General Rules for Distinguishing the Truth from Error and Preserving the Faith
from the Commonitory of St. Vincent of Lerins


The Ascetic Ideal and the New Testament: Reflections on the Theology of the New Testament
by Fr. Georges Florovsky
The Dogma of Redemption Requires Adobe Acrobat Reader
by Dr. Vladimir Moss
Original Sin According to St. Paul
by Fr. John Romanides
Concerning Free Will and Predestination
by St. John of Damascus
On Predestination
by Bishop Elias Minatios
Dialogue on Free Will and Determinism
by Deacon Fr. John Whiteford
St. Gregory Palamas and the Tradition of the Fathers
by Fr. Georges Florovsky
Salvation by Christ
by Carmen Fragapane

Part V: Liturgy - Mysteries - Icons

Part VI: The Communion of Saints

Introduction to the Divine Liturgy
by Fr. George Mastrantonis
In Defence of Icons
by St. John of Damascus
Is Venerating Icons Idolatry?
by Timothy Copple
Presumptuous Propositions
by Timothy Copple & Patrick Barnes


Veneration of the Virgin Mary
By Protopresbyter Michael Polsky
An Orthodox View of the Virgin Mary
by the editors of Orthodox Tradition
A Homily on the Dormition of Our Supremely Pure Lady Theotokos and Ever-Virgin Mary
by St. Gregory Palamas
The Place of Holy Relics in the Orthodox Church
by St. Justin of Chelije

Part VII: Historiography

Part VIII: Philosophy

Franks, Romans, Feudalism, and Doctrine
by Fr. John Romanides
Orthodox & Lutherans in the Sixteenth Century
from Sir Steven Runciman's The Great Church in Captivity
Selected Excerpts from the Three Answers
of Patriarch Jeremiah II to the Lutherans
The Myth of the "Calvinist Patriarch"
by Archbishop Chrysostomos of Etna


The Transformation of Hellenistic Thought on the Cosmos and Man in the Greek Fathers
by Fr. Gregory Telepneff and Bishop (now Archbishop) Chrysostomos, from The Patristic and Byzantine Review, 1990, IX:2&3
Is Orthodoxy Neo-Platonic?
by Dr. Thomas Mether

Part IX: Spirituality & Praxis

Part X: The Orthodox & Other Christians

Orthodox Spirituality
by Metropolitan Hierotheos (Vlachos) of Nafpaktos
Orthodox Spirituality
by Fr. George Metallinos
Orthodox Spirituality: A Living Tradition Requires Adobe Acrobat Reader
by Bishop Photii of Triaditza
The Illness and Cure of the Soul in the Orthodox Tradition
by Metropolitan Hierotheos (Vlachos) of Nafpaktos
The Struggle with Passions
by I.M. Kontzevitch. Chapter 2 of The Acquisition of the Holy Spirit in Ancient Russia.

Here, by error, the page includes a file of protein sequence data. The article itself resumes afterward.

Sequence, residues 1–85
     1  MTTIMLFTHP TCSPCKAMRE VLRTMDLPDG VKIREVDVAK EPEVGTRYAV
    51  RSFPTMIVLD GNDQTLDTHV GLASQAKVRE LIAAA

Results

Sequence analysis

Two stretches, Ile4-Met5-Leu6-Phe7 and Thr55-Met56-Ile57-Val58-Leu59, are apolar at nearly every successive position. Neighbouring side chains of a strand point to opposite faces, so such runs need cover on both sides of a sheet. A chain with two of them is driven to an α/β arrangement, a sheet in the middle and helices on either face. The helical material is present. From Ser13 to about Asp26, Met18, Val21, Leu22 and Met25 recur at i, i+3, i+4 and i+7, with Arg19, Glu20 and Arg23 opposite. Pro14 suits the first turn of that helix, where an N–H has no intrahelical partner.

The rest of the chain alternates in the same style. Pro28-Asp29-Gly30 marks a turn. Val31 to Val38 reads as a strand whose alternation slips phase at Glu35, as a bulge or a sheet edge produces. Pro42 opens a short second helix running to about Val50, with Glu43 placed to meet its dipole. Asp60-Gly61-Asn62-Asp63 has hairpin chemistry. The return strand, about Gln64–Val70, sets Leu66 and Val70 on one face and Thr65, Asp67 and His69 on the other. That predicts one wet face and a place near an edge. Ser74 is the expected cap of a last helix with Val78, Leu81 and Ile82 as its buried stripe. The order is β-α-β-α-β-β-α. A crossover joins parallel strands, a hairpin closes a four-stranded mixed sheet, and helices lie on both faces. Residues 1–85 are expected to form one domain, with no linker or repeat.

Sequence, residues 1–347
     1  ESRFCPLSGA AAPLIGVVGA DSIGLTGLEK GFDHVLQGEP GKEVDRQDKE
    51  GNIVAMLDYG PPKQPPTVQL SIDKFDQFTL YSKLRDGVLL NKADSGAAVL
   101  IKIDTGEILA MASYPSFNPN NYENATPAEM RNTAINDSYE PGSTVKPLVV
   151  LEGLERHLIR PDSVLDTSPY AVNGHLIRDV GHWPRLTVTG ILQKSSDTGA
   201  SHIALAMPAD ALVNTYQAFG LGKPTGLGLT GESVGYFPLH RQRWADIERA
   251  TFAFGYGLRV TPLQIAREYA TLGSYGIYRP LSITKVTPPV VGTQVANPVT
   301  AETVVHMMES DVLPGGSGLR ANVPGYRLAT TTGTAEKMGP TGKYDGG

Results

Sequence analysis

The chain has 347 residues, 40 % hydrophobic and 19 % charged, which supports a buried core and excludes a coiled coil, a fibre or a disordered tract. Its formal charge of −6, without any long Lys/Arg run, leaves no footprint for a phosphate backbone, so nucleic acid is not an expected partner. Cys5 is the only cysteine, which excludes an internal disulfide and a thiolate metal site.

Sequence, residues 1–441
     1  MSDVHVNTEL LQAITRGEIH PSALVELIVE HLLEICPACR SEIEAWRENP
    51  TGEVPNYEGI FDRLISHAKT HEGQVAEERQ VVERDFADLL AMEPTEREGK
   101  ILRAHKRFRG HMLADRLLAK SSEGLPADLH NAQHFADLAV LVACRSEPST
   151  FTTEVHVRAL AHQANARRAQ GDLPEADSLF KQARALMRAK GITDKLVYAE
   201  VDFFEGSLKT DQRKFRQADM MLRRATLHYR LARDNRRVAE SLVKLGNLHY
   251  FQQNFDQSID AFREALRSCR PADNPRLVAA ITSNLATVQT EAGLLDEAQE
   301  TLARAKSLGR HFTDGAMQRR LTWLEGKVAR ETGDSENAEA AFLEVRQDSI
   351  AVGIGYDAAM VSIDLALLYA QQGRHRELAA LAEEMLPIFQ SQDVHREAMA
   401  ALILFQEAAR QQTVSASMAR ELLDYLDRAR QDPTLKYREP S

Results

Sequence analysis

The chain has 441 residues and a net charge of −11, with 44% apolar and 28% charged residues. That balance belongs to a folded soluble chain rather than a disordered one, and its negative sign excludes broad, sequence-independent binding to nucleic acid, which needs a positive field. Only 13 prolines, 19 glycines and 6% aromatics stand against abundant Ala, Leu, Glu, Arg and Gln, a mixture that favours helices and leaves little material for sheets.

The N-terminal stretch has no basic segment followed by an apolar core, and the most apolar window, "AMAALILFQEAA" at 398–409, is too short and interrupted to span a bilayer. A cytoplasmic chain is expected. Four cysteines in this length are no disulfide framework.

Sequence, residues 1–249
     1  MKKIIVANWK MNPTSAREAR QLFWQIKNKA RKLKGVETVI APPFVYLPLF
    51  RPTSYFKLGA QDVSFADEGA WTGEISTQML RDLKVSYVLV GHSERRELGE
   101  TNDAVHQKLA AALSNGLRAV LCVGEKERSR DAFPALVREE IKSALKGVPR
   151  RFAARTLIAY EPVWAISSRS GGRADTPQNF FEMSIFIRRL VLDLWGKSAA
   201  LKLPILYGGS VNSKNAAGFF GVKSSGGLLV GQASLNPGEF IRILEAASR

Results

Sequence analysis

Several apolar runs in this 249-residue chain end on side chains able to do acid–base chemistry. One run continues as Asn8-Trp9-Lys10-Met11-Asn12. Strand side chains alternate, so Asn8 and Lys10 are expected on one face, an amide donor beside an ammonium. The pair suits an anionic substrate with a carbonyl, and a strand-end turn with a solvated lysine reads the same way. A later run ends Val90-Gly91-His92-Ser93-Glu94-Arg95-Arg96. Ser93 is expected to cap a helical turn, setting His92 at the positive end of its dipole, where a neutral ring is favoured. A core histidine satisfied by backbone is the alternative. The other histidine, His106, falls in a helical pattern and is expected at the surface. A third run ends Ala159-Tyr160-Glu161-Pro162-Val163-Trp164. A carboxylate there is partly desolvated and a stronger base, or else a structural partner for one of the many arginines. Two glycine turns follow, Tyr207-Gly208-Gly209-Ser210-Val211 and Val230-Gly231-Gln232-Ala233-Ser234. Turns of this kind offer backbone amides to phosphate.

Introduction to Humility
by Archbishop Chrysostomos of Etna


The Non-Orthodox: The Orthodox Teaching on Christians Outside of the Church Requires Adobe Acrobat Reader
by Patrick Barnes
Basic Principles of the Russian Orthodox Church's Attitude to the Non-Orthodox
Official Position of the Moscow Patriarchate

Further Resources

Orthodox Christian Dogmatics Requires Adobe Acrobat Reader
by Protopresbyter Michael Pomazansky

Subscribe to Orthodox-Lutheran_Dialogue
Powered by groups.yahoo.com
Subscribe to Orthodox-Reformed_Dialogue
Powered by groups.yahoo.com


I would like to extend thanks to Reader Patrick Barnes of the Russian Orthodox Church Abroad, webmaster of the Orthodox Christian Information Center, and the Rev. Dr. Reed Best of the Reformed Presbyterian Church, General Assembly, whose input and friendship over the years have been vital to the development of this anthology.

Special thanks is also due to the late Fr. Thomas Davis of St. Paul Antiochian Orthodox Church in Lynnwood, Washington, Fr. Serafim Gascoigne of Holy Protection of the Theotokos Orthodox Church (Patriarchate of Jerusalem) in Seattle, Washington, and Archbishop Chrysostomos of Etna, Bishop Auxentios of Photiki, Archimandrite Akakios, and the brotherhood of the Monastery of St. Gregory Palamas in Etna, California, all of whom, in both their lives and words, have been my fathers in the Holy Orthodox Faith.

© 1998-2005 TSERKOVNOST::An Eastern Orthodox Resource Centre
Director :: Ephrem Hugh Bensusan, L.Th.

Hosting provided by OcalaHost.net